How to Use Stock Market Almanacs

by Melanie J. Martin, studioD

Stock market almanacs help investors to predict market trends by revealing seasonal patterns, as well as their likely risks and rewards. These books offer no guarantees, of course. Using these almanacs is an art, not a science, as Jonathan Cheng says in a Wall Street Journal article. Still, stock market patterns do tend to repeat themselves, so studying a stock market almanac can help an investor to become more savvy.

Learn to recognize the symbols used in the almanac. The symbols provide a shorthand representation of key points such as favorable and unfavorable trading days. Stock market almanacs incorporate these symbols into charts that show vital information such as the overall profit and loss of stocks in the Standard & Poor's 500 index, which can be used as a guide to market trends.

Peruse the charts to gain a general idea of the pattern that experts predict the market will follow. In creating these charts, experts consider how the particular characteristics of the current year may affect the market, in addition to market trends that tend to repeat year after year. For example, the timing of holidays affects market behavior. Look at charts that focus on market averages as well as any charts that focus on the types of stocks you're most interested in purchasing.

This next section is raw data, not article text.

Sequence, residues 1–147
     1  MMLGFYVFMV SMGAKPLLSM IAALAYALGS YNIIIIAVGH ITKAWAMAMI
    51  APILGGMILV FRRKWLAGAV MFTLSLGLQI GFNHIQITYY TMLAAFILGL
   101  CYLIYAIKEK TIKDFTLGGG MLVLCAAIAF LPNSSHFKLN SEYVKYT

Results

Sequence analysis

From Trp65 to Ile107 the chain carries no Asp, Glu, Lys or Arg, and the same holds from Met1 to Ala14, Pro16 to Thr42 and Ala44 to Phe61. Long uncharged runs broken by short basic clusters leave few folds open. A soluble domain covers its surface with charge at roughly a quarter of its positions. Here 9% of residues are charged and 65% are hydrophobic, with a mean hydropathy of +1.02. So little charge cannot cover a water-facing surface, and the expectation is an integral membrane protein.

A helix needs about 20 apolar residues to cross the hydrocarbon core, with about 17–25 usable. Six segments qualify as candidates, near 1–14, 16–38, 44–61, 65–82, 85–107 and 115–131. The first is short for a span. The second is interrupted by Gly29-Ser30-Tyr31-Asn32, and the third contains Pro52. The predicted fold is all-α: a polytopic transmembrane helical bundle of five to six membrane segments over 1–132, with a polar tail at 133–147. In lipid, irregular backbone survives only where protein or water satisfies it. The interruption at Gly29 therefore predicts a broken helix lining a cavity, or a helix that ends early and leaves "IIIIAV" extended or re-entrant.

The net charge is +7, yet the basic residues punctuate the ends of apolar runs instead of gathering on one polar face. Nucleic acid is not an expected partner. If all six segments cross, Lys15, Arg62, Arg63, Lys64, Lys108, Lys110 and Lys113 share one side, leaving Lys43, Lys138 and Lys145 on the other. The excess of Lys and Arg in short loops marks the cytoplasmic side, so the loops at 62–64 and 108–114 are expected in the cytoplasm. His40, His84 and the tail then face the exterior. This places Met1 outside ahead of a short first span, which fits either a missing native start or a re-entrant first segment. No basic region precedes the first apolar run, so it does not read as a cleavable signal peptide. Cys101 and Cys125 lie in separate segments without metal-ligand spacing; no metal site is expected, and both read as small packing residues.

Read the commentary on the charts. Stock market almanacs typically provide articles by expert investors that explain the trends shown in the charts in more depth. The commentary typically lends strategies for investing based on the data in the associated charts, with analyses of the likelihood of success. As you read, write down the names of the stocks that the experts predict will raise in value the most through the course of the year. Also write down the names of stocks that you could buy and sell in a shorter time frame to make a faster profit.

Create a separate spreadsheet for each month of the year to illustrate your trading plan for that month. Create a line for each stock you own or plan to purchase, with a column for the beginning, middle, and end of the month. In the appropriate space, write the symbol for the activity you plan to take. For example, if you plan to sell a given stock at the beginning of the month, write "S" for "short" along with the date when you plan to sell the stock. ("Going short" means selling; "going long" means buying.) You may adapt this plan as the year progresses, but your plan will continue to serve as a foundation for your investment activity.


  • Always maintain a diverse portfolio to spread out your risk through your different assets.


About the Author

Melanie J. Martin specializes in environmental issues and sustainable living. Her work has appeared in venues such as the Environmental News Network, "Ocean" magazine and "GREEN Retailer." Martin holds a Master of Arts in English.